We have to acknowledge that we have become that which we condemned. We have demonstrated through our actions that we too feel morality is just for speeches and or to be used as a cudgel with which to attack the opposition. And we have to ask, can there be such a thing a liberal U.S. foreign policy or is our national character so corrupted by a sense of self-righteous exceptionalism that there is no place in our policies for solid values consistently applied?
In his heyday, during the 2008 presidential campaign, Barack Obama had that magic trait that sets great politicians apart and assures their success. He was the rare leader upon whom people could project their hopes. Different audiences would look at him and see in him the promise of the often very different futures to which they aspired.
Today, he is suffering from a shortcoming that mirrors his earlier strength. Today, diverse audiences look at him and see in him the source of their frustrations. He is becoming a magnet for blame.
Part of this is due to the natural transition that occurs as one progresses from being a little known rising star who has not yet held executive offices to being the guy in charge, the one who assumes and is assigned responsibility for all manner of events -- including many imposed by him by circumstances beyond his control.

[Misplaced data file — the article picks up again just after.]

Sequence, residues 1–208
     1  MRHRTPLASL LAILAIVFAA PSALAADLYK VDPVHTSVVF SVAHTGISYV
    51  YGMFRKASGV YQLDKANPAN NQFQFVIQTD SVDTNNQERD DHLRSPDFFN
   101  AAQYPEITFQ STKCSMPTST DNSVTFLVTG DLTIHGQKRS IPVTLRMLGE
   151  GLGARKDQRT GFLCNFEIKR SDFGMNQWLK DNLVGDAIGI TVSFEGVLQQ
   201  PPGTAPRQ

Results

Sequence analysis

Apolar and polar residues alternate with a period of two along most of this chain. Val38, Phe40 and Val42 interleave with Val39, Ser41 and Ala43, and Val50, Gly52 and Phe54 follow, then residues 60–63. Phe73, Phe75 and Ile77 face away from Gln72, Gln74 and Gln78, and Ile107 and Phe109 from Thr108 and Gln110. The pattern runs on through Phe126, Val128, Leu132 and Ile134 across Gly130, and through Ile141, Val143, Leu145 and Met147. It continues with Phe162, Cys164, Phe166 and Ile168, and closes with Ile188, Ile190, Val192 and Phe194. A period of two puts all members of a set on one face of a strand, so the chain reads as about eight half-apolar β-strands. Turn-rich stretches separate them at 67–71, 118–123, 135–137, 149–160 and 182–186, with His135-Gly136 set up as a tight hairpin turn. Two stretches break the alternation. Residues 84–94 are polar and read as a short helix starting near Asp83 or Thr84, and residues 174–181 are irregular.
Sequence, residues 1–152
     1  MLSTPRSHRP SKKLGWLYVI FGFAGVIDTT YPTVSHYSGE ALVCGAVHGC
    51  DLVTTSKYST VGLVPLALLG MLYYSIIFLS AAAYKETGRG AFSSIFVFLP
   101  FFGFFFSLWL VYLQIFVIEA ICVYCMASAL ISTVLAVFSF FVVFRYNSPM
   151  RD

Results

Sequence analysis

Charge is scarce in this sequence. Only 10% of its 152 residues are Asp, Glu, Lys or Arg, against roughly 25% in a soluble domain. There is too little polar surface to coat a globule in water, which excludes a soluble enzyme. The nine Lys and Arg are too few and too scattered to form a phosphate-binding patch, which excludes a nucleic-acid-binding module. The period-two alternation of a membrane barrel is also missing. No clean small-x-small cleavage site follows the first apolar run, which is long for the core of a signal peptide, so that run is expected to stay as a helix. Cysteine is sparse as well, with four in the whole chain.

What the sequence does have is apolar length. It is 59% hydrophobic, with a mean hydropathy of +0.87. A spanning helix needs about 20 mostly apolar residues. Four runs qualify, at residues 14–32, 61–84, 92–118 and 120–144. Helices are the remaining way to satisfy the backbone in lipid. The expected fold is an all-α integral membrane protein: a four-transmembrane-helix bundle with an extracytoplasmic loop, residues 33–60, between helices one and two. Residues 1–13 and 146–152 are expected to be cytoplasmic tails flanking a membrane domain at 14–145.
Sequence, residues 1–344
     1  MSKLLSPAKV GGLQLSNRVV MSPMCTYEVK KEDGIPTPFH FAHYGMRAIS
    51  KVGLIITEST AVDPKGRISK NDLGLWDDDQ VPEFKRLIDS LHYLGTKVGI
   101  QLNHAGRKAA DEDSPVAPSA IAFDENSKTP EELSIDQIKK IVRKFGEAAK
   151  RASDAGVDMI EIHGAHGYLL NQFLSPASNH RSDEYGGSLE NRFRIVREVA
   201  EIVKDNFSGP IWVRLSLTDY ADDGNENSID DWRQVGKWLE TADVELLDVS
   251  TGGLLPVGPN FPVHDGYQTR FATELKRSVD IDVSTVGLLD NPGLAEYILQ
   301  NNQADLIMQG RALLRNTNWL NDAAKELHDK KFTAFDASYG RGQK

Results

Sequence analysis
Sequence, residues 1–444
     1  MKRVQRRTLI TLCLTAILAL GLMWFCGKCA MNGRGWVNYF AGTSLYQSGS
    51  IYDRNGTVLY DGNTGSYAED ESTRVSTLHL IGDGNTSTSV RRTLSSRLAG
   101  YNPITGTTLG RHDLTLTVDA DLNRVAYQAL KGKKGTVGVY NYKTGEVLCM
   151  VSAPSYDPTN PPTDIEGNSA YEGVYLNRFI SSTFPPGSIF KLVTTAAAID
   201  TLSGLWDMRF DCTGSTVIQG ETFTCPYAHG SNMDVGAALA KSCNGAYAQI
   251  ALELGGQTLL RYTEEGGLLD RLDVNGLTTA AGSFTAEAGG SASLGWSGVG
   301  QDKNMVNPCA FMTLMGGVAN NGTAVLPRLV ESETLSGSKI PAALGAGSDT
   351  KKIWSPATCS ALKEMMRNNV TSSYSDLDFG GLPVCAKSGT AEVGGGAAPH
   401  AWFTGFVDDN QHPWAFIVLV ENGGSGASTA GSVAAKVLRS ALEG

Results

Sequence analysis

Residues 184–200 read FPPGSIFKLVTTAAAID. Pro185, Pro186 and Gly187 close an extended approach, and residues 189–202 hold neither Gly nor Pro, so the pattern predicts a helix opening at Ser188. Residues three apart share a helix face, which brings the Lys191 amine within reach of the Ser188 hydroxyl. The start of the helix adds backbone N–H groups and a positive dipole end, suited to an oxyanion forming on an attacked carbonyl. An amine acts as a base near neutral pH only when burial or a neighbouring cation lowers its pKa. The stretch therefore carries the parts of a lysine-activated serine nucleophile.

Part of this however, is something he and those close to him have brought upon themselves. During the past several weeks, in conversation after conversation with former avid supporters who are now alienated or doubting, I have heard the same thing. Almost always the word I hear is "disappointment." Many of Obama's original and most natural backers feel let down and some feel betrayed. They feel that they were set up by his rhetoric and then let down by his inability or unwillingness or lack of concern with following through on it.
To them, to the world, Barack Obama is a P.T. -- he's a policy-tease. In situation after situation, he raised expectations with great speeches or big promises and then in each he and those around him did not follow up actively, negotiated away the heart of what was promised, went beyond compromise and straight to capitulation. Or, in some instances, they simply dithered and failed to lead. But in each case, the impact on supporters was acute -- they felt drawn in, they started to hope again, their blood was flowing, they were ready for that transformational moment.
He seduced and then he did not come through.